Also on August 9th, a Bush administration official said the White House is "sympathetic" to the concerns raised by an Arab delegation. But the official said, "We want a final product that has a reasonable chance of success." The US is concerned the Lebanese army will be not able or willing to stop the resupply of Hezbollah and is not convinced that a bolstered UN peacekeeping force could do the job either. The official added that Israel has "even stronger" views. Nonetheless, the US-backed draft resolution called for an international peacekeeping force. Meanwhile, diplomats still hoped for a vote on August 10 on the UN resolution aimed at ending the conflict, but an Arab-backed proposal that called for a full Israeli withdrawal threatened to tip "a very delicate balance" and set the process back again, a Bush administration official said. Senior White House officials said it did not appear likely that a vote would come August 10 on the resolution. The US warned both sides against enlarging the conflict. "The escalation is something that we do not want to see," White House spokesman Tony Snow said. "But also, you have to have a resolution that addresses the root cause of Hezbollah, has a practical solution to making sure that the Lebanese government will be able to have military and political control of the south." The US and France were trying to agree on certain segments of a revised draft, officials said. There was also some disagreement on the timing of a deployment of Lebanese and UN troops to the region. The US says it was pushing for "flexibility" so Israel can monitor the deployment before pulling out, a position the Israelis favor. "Everybody wants to see that the deployment of 15,000 Lebanese troops to the border used to transform the situation in the region, which means fundamentally that we don't want Hezbollah to reinfiltrate the southern part of Lebanon," said US Ambassador to the UN John R. Bolton.[25] The Bush administration includes President George W. Bush, Vice President Richard Cheney, Bushs Cabinet, and other select officials and advisors. ... John R. Bolton John Robert Bolton (born November 20, 1948) is an American diplomat, serving currently as the interim U.S. Ambassador to the United Nations. ...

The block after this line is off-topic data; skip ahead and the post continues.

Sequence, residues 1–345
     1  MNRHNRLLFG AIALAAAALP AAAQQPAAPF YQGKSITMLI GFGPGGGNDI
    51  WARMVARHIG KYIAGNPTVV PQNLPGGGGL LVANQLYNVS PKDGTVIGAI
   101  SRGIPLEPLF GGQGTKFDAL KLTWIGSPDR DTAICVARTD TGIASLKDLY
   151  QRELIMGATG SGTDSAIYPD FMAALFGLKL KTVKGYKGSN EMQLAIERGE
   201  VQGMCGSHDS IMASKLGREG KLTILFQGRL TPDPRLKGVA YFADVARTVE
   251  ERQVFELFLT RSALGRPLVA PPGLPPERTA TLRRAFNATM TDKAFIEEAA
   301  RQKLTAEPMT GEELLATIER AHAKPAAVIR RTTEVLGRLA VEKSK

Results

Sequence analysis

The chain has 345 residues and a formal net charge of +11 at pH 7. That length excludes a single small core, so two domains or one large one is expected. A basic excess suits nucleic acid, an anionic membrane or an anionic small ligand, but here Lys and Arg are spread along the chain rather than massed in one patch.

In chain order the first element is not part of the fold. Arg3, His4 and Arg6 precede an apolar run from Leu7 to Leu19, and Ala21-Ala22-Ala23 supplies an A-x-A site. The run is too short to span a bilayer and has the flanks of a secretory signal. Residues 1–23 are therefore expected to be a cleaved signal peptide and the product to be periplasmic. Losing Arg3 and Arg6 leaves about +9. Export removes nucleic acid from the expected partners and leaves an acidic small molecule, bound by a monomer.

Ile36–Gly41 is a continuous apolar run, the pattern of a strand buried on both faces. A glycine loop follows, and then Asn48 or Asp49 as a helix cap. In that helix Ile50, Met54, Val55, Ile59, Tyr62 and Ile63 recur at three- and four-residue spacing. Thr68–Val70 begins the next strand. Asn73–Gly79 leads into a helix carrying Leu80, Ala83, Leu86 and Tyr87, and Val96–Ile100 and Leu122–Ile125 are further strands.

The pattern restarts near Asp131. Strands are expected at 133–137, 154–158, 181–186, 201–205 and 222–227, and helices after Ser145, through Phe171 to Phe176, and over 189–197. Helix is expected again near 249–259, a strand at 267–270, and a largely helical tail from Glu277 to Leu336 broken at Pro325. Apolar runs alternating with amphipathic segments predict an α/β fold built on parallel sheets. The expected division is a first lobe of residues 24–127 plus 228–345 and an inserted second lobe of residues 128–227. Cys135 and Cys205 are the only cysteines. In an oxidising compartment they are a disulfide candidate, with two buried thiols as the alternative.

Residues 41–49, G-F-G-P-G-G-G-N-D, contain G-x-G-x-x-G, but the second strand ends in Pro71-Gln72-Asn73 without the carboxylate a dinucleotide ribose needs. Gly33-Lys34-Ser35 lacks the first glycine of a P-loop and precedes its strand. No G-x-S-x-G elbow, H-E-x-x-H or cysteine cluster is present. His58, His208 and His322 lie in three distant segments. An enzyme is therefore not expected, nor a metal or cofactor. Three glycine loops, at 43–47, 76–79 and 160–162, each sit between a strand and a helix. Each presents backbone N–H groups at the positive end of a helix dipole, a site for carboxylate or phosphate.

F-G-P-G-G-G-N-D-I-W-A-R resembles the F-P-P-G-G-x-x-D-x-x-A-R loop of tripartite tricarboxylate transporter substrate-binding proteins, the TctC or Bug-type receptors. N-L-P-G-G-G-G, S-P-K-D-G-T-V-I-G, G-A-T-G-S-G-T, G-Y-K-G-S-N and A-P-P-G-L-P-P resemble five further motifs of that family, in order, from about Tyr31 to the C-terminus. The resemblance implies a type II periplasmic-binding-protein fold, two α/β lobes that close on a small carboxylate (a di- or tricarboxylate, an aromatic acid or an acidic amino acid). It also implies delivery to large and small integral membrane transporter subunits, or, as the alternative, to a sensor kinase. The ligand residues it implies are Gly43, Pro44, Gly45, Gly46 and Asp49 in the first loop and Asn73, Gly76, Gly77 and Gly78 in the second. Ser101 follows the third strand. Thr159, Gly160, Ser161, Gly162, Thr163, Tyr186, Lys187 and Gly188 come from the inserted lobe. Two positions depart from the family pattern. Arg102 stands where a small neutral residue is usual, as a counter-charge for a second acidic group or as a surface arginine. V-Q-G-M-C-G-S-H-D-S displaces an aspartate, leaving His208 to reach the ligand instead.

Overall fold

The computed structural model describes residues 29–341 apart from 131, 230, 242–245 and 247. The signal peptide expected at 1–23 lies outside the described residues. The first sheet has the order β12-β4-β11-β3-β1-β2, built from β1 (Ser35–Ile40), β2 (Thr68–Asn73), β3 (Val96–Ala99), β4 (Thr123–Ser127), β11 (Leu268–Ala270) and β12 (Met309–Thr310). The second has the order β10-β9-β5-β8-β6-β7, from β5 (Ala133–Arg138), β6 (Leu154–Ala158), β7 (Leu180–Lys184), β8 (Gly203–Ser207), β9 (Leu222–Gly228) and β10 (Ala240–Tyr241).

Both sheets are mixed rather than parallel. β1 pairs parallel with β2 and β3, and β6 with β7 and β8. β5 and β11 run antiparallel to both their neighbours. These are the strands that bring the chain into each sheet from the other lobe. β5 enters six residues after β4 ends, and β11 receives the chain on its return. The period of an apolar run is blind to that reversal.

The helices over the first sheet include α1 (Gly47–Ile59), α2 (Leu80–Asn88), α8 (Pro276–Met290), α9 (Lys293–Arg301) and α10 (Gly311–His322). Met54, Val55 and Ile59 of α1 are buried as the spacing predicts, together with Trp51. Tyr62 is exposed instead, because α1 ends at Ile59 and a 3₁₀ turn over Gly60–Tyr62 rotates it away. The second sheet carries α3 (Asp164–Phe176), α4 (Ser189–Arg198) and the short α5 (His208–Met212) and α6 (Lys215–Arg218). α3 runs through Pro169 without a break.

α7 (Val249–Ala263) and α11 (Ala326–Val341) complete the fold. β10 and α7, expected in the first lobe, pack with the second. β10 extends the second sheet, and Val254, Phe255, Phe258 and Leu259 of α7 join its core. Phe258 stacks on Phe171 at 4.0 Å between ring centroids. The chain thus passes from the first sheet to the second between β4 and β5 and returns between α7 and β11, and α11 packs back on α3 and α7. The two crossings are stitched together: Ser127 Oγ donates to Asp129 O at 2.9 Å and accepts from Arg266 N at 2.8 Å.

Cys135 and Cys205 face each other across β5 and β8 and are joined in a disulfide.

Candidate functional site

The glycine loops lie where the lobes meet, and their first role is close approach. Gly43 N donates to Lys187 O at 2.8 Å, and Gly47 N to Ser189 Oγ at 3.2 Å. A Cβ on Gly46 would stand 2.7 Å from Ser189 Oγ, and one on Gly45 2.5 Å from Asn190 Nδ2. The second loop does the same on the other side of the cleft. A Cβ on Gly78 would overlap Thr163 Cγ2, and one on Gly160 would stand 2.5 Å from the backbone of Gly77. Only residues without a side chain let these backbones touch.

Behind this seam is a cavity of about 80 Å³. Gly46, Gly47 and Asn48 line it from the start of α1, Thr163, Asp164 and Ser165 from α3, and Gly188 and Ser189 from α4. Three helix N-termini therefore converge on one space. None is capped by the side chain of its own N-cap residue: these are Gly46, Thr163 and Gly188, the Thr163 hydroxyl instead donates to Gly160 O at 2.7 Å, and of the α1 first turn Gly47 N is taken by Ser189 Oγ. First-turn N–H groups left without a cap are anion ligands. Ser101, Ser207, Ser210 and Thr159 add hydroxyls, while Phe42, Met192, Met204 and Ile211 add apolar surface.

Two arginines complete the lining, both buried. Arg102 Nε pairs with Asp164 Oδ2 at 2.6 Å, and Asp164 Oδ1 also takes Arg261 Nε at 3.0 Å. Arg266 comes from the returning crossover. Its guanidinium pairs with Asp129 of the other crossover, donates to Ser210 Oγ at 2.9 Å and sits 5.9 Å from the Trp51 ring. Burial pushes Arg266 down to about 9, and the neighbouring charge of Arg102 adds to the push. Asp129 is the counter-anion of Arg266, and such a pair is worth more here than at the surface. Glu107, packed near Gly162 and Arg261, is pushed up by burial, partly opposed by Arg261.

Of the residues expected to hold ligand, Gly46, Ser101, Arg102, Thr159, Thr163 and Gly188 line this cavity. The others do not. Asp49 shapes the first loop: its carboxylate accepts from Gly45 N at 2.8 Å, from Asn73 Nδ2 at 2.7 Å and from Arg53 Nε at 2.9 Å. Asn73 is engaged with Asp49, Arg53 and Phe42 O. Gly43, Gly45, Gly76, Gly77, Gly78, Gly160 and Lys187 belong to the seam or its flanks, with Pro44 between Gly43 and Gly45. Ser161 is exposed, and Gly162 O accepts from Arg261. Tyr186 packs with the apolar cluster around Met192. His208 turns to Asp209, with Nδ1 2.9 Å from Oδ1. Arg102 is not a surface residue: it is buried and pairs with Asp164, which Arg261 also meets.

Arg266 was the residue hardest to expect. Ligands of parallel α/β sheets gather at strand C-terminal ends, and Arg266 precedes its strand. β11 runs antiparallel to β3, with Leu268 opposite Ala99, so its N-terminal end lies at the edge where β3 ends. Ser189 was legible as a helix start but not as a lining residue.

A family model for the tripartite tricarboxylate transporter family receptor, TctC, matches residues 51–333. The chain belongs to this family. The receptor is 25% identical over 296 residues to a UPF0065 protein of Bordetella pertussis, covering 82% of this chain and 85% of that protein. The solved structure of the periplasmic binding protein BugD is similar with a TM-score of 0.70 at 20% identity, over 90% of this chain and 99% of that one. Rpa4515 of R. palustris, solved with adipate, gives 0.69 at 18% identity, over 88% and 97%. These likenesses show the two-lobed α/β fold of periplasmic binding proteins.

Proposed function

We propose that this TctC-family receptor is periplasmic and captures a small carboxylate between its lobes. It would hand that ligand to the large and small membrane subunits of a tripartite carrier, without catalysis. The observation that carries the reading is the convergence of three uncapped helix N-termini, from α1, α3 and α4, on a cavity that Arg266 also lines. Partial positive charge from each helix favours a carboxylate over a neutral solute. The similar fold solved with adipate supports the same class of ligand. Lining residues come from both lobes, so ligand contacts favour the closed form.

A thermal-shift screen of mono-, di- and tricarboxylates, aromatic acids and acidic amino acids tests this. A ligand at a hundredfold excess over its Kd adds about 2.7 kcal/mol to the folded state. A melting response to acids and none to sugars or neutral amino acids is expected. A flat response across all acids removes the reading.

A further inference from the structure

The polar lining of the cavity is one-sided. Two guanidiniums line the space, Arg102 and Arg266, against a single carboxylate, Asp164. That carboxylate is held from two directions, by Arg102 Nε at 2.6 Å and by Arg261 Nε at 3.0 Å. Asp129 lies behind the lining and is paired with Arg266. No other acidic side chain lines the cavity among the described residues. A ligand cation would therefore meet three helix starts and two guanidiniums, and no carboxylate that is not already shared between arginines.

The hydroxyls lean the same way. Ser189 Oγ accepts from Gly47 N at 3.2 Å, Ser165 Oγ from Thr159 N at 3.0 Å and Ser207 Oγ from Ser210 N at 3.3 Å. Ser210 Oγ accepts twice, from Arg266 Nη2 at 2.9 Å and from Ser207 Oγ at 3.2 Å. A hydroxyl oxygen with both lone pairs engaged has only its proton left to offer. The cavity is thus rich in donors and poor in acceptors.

August 10th-11th

United Nations Secretary-General Kofi Annan pushed the Security Council to come up with a plan by week's end, August 12 to August 13, for ending the conflict. "The secretary-general believes that it ought to be possible for the Security Council to adopt a resolution by the end of the week," his office said.[26] The United Nations Secretary-General is the head of the Secretariat, one of the principal divisions of the United Nations. ... Kofi Atta Annan (born April 8, 1938) is a Ghanaian diplomat and the seventh and current Secretary-General of the United Nations. ...


Israeli PM Olmert ordered the Israeli army to prepare to expand its ground offensive longer inside Lebanon[27] under the belief that the UN resolution did not satisfy Israeli security concerns, Olmert's spokesman, Asaf Shariv, told the Associated Press on August 11th. But even as Israeli forces massed along the border with Lebanon, Israeli Foreign Ministry spokesman Mark Regev told AP that Israel was still open to a negotiated solution. "Our action does not exclude a diplomatic option. On the contrary, we are following developments in New York closely," he said. Associated Press logo The Associated Press, or AP, is an American news agency, the worlds largest such organization. ...